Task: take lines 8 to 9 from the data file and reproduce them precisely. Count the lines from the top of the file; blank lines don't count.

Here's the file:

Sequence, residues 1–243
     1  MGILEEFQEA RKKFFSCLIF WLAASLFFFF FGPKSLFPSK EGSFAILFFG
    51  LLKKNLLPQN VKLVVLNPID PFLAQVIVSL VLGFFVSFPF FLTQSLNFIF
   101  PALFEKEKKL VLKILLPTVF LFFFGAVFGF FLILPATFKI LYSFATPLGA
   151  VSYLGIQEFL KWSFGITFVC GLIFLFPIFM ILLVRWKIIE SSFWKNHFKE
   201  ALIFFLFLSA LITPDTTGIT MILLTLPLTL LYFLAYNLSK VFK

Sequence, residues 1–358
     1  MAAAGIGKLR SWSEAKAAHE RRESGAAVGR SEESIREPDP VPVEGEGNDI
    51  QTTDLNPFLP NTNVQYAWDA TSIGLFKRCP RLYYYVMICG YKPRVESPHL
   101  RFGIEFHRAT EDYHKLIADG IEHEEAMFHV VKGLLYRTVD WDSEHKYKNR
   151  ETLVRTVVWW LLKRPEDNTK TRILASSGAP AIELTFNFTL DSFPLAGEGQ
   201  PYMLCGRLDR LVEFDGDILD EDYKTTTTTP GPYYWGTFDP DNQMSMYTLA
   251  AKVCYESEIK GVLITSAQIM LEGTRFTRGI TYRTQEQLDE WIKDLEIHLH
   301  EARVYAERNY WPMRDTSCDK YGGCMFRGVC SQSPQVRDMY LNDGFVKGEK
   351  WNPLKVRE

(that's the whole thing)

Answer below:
     1  MAAAGIGKLR SWSEAKAAHE RRESGAAVGR SEESIREPDP VPVEGEGNDI
    51  QTTDLNPFLP NTNVQYAWDA TSIGLFKRCP RLYYYVMICG YKPRVESPHL